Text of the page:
makes use of the redundant information introduced
by CP availably. In [8] and [9], the channel impulse response (CIR) is first removed from the likelihood function and then by summing over all the
possible signals, the frequency domain transmitted
signals are removed. The blind estimators contain
MUSIC method[10] proposed by H. Liu and ESPRIT
method[12] by U. Tureli, which are based on subspace
technique and have the super distinguishing performance.
On analyzing the signal structure of CP-based
OFDM modulation, using virtual carrier technique
and shift-invariance properties in DOA-MATRIX
method, we present a new CFO estimation algorithm.
In OFDM systems, the information stream bn
drawn randomly from a finite-alphabet is parsed into
blocks s(k) = [b0 (k), b1 (k), . . . , bp−1 (k)] , where [•]T
denotes transpose. By applying an G-point inverse
discrete Fourier transform (IDFT), P parallel data
bits are modulated onto G(G > P ) subcarriers and
the whole bandwidth is evenly divided for G narrowband subcarriers such that the bandwidth for each
subcarrier is relatively small compared to the coherence bandwidth of the channel. The remaining
G − P subcarriers are not used for data modulation
in order to avoid aliasing at the receiver, which are
often referred to as the virtual carriers (VC) [10].
We model the frequency-selective channel as a finite impulse response (FIR) filter with channel CIR
h = [h(0), h(1), . . . , h(L)] , where L is the channel order and [•]T denotes the transpose. The channel has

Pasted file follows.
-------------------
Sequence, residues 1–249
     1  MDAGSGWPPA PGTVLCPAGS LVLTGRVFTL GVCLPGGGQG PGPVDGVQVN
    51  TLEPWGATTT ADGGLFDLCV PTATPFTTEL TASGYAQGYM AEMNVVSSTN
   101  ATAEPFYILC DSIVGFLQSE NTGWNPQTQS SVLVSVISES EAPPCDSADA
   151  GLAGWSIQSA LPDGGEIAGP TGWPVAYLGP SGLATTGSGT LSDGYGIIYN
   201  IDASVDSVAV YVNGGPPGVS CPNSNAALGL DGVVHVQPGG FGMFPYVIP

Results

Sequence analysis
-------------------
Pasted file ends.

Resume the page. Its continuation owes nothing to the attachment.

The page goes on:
L independent Rayleigh-fading taps and the power
gain of each tap is randomly generated with the total
Blind Estimation of OFDM Carrier Frequency Offset Using Shift-invariance Properties
power of all taps, l=0 |h(l)|2 , normalized to 1. We
assume that the CIR is time invariant over K(≥ 1)
consecutive OFDM symbol blocks, but could vary
from one set of K blocks to the next. After inserting
the cyclic prefix (CP) with the length Ng (Ng ≥ L) in
OFDM symbols at the transmitter and removing CP
at the receiver, we can make a practical assumption
that there is no synchronization error and no intersymbol interference (ISI) from the previous OFDM
symbol block. At the receiver end, the removal of the
CP makes the received sequence the circular convolution of the transmitted sequence with the channel
impulse response {h(l)}L
l=0 . In the absence of the
carrier frequency offset between the receiver and the
transmitter, i.e., ∆f = 0 , we can describe the IBIfree received data blocks as y(k) in the receiver [3].
y(k)=WDH b0 (k), . . . , bp−1 (k), 0,
· · · , 0 =WP D̃H s(k)
where DH = diag [H(0, · · · , H(P − 1)]), and H(n) =
−j 2π
G nl denote the complex channel frel=0 h(l)e
quency response at the n-th subcarrier frequency.
And D̃H = diag [H(0), · · · , H(P − 1)]. Wp comprises the first P columns of the G × G IDFT matrix
W = [w0 w1 · · · wp−1 wp · · · wG−1 ] . Then, the effect
of the frequency-selective channel on the OFDM signal is completely captured by scalar multiplications
of the data symbols by the frequency responses of the
channel at the subcarrier frequencies[11].